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Cycling, treadmill workstations 'healthier' than standing options


Press Trust of India Toronto
Cycling and treadmill workstations may be 'healthier' than standing versions, as they promote positive physiological changes in the body, a study has found.
However, the treadmill versions can interfere with computer work, according to the study published in the journal Occupational and Environmental Medicine.
Long periods spent sitting down, including at work, are associated with certain health risks, and it is thought that the global cost of sedentary lifestyles is more than USD 65 billion a year.
A growing body of research suggests that active workstations may help to counter some of these risks and even boost productivity. However, the pros and cons of each type are not entirely clear.
To try and shed some light on their potential impact on health and productivity, the researchers from University of Montreal in Canada trawled databases looking for relevant studies comparing at least two out of treadmill, cycling, and standing workstations.
Twelve studies (out of 274 initially selected) were included in the final analysis, which looked at the effect on muscles and physiology -- average heart rate, blood pressure, energy expenditure-perceived exertion and pain tolerance, and cognitive performance at work -- processing speeds, attention and short-term memory.
All types of workstation were associated with a short-term boost in productivity.
However, cycling and treadmill workstations seemed to be associated with greater short-term physiological changes than standing versions. This might be better for longer term health, suggest the researchers.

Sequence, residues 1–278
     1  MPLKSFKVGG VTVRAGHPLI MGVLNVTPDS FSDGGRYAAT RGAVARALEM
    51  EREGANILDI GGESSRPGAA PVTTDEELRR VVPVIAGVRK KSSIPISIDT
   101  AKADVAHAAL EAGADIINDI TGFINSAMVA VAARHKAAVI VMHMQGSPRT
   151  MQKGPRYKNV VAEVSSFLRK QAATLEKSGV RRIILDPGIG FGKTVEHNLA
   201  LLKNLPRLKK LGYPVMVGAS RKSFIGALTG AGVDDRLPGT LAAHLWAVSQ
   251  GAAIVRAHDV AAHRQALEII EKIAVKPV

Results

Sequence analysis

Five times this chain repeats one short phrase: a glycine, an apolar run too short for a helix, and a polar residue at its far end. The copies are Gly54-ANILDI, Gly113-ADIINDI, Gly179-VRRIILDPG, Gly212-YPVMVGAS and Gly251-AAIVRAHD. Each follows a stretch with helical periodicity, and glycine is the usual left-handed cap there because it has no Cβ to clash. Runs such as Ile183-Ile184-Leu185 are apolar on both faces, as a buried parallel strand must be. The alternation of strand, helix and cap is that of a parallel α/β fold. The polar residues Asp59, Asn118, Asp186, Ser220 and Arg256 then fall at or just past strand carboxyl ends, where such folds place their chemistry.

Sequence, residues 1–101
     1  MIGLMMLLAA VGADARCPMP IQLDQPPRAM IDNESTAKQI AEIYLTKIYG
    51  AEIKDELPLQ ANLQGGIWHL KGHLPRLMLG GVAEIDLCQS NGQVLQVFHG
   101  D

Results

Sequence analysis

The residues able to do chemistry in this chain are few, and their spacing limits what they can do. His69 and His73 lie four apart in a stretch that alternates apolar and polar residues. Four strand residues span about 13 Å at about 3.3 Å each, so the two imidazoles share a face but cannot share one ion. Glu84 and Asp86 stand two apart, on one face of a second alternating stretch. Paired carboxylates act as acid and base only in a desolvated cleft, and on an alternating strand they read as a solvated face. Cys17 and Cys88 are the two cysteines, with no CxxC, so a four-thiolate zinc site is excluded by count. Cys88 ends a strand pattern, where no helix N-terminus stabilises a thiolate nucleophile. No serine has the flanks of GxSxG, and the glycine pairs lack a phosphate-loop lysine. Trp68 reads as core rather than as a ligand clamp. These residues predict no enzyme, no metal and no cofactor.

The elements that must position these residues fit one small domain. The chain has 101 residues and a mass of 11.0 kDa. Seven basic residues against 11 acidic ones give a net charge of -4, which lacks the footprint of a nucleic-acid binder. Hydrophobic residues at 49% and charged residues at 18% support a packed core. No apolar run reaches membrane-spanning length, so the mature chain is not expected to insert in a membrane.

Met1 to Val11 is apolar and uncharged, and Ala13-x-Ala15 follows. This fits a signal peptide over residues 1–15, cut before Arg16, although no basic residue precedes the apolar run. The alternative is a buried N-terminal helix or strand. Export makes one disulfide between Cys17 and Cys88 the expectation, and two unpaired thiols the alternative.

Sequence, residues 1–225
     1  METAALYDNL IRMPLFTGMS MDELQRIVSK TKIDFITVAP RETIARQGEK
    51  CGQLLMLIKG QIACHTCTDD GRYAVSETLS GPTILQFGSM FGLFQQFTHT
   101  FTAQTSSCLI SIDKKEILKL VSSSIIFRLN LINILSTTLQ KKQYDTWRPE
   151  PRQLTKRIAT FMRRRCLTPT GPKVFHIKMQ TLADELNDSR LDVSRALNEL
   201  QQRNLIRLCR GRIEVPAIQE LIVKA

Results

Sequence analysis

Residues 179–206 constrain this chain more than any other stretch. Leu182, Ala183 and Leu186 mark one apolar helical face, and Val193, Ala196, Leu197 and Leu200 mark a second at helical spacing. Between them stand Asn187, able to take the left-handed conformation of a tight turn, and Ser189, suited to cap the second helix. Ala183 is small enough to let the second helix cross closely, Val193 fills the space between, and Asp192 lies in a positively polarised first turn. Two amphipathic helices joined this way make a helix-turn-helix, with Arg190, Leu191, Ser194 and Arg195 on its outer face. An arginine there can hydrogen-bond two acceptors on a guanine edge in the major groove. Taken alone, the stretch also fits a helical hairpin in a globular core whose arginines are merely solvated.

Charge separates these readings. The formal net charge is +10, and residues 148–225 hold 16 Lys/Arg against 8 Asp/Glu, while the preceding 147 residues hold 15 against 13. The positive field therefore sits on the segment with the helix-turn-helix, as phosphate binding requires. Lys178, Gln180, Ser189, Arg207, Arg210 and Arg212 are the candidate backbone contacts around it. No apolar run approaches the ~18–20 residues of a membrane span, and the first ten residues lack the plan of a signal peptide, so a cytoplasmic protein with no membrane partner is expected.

Treadmill workstations got people moving and increased upper body muscular activity more than did standing versions. However, the upper body effort needed to stabilise gait and posture on a treadmill workstation might affect the fine motor skills needed for keyboarding, researchers said.
Both treadmill and cycling workstations boosted heart rate and energy expenditure while prompting a drop in blood pressure during the working day compared with standing workstations, according to the study.
Treadmill and cycling workstations also increased alertness and reduced boredom more than standing versions did. What's more, treadmill versions were associated with lower stress scores.
Cycling workstations improved simple processing task speeds the most. But treadmill workstations interfered with fine motor skills, such as typing, mouse pointing, and keyboarding.
The results of the review suggest that the pros and cons of each type of workstation may not be directly comparable, said researchers. And employers may need to gauge which type is most appropriate for the needs of their staff.
The researchers sound a note of caution about the strength of the available evidence, however: only 11 of the studies they included directly compared different types of workstation; the outcomes measured were all short term; and the most comprehensive studies were relatively small in size.

Disclaimer: No Business Standard Journalist was involved in creation of this content

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First Published: Jan 29 2019 | 6:15 PM IST

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